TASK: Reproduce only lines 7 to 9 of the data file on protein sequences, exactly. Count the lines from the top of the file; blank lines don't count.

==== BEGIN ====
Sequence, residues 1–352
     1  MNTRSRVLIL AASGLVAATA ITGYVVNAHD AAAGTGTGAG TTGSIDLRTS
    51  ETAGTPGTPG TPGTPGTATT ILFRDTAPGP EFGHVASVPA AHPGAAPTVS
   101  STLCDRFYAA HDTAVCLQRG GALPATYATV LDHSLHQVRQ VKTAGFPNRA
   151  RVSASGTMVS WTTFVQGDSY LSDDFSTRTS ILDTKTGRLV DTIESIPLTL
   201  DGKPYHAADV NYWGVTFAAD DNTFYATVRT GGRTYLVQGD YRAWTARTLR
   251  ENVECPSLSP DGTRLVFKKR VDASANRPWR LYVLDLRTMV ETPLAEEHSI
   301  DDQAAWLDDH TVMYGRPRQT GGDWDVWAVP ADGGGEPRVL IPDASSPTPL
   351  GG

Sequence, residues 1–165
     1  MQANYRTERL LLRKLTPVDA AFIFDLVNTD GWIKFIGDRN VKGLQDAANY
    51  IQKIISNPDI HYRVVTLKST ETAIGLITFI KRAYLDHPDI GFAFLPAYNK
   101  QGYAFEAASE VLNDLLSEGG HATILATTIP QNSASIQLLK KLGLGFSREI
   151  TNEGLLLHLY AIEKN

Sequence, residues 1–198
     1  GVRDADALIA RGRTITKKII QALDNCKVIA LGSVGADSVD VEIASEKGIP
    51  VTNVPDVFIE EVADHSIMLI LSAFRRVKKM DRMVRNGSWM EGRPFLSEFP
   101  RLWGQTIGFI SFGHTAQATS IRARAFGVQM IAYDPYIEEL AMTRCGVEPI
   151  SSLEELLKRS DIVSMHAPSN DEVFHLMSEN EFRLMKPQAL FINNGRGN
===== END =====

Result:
   251  ENVECPSLSP DGTRLVFKKR VDASANRPWR LYVLDLRTMV ETPLAEEHSI
   301  DDQAAWLDDH TVMYGRPRQT GGDWDVWAVP ADGGGEPRVL IPDASSPTPL
   351  GG